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Archaeologies of Slavery and Freedom in the CaribbeanExploring the Spaces in Between$
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Lynsey Bates, John M. Chenoweth, and James A. Delle

Print publication date: 2016

Print ISBN-13: 9781683400035

Published to Florida Scholarship Online: May 2017

DOI: 10.5744/florida/9781683400035.001.0001

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“Poor Whites” on the Peripheries

“Poor Whites” on the Peripheries

“Poor White” and Afro-Barbadian Interaction on the Plantation

Chapter:
(p.49) 3 “Poor Whites” on the Peripheries
Source:
Archaeologies of Slavery and Freedom in the Caribbean
Author(s):

Matthew C. Reilly

Publisher:
University Press of Florida
DOI:10.5744/florida/9781683400035.003.0003

This chapter explores socioeconomic interactions between “Poor Whites” or “Redlegs” and Afro-Barbadians as interpreted through material culture and a particular reading of a Barbadian plantation landscape. The tenantry of Below Cliff, now shrouded in dense forest, is located on the “rab” land or marginal zone of Clifton Hall plantation deemed unsuitable for large-scale agricultural production. Despite the marginality of the space in terms of plantation production and a perceived socioeconomic isolation of island “poor whites” in general, Below Cliff was a space of heightened interracial interaction. I argue that such seemingly marginal spaces (as well as the people who inhabit them) are significant arenas through which to explore the dynamic and nuanced race relations that play out in everyday life on and around the plantation. While plantation slavery was crucial in the development of modern racial ideologies and hierarchies, including attempts to rigidly impose and police racial boundaries, archaeological evidence suggests that on the local level these boundaries were exceedingly porous.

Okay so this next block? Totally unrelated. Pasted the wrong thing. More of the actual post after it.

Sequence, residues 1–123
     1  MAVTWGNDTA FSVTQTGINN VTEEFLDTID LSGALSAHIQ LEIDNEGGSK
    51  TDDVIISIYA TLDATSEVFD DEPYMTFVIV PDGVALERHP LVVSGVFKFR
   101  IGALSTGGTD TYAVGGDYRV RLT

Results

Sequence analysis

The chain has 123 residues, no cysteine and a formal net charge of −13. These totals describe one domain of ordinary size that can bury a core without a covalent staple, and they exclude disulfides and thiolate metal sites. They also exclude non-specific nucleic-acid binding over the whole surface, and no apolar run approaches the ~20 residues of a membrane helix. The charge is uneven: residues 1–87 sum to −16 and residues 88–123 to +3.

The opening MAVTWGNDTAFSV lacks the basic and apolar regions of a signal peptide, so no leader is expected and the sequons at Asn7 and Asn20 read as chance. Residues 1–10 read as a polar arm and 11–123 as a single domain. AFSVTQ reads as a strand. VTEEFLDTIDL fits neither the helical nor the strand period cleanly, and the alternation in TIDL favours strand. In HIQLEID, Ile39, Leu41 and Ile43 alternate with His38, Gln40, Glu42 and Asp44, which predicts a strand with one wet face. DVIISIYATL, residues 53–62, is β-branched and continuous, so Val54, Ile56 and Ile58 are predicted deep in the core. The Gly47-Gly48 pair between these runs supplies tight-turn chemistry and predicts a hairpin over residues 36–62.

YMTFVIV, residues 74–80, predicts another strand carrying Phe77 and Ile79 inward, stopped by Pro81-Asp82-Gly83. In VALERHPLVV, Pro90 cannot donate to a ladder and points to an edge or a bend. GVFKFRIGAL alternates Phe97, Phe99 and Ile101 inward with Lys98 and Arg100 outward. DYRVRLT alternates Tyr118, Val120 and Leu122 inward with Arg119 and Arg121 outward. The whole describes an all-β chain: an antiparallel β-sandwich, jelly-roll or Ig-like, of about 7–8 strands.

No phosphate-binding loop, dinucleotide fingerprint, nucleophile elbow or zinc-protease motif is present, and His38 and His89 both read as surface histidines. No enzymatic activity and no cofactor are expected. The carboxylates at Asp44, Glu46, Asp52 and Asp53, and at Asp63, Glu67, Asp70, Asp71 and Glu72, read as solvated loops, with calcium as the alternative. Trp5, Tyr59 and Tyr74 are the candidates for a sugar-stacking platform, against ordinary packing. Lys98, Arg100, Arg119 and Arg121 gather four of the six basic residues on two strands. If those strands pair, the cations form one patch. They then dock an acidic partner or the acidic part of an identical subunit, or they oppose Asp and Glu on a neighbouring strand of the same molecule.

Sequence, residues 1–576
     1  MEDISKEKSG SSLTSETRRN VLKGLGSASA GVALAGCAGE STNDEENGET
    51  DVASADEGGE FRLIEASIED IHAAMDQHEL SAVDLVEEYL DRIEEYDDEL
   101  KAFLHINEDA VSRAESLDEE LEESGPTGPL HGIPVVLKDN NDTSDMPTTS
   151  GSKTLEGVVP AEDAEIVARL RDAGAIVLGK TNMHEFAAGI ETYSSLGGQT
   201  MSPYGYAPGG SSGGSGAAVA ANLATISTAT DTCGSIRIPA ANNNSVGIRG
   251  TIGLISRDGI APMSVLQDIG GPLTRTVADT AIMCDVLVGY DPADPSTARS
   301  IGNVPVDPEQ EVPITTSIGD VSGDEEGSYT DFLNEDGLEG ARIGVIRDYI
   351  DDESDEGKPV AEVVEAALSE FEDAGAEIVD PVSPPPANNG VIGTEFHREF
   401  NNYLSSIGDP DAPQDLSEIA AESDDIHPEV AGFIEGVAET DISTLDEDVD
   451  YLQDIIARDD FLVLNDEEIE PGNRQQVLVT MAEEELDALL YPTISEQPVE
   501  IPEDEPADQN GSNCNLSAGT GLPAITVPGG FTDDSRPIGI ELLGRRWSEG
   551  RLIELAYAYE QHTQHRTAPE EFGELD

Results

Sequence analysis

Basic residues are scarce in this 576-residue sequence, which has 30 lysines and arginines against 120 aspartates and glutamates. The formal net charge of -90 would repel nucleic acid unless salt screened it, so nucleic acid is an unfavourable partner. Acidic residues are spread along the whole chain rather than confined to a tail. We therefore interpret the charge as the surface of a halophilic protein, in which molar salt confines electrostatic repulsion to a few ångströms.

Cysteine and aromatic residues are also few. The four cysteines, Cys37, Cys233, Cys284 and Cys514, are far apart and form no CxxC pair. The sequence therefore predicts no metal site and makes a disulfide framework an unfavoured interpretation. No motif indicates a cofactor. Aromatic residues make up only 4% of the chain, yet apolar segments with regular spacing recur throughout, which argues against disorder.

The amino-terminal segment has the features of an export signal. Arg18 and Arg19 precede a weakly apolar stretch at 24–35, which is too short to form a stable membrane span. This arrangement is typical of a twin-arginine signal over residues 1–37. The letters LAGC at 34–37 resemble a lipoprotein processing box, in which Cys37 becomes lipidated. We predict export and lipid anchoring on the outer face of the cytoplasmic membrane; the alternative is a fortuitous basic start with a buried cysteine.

Keywords:   tenantry, marginality, racial ideologies

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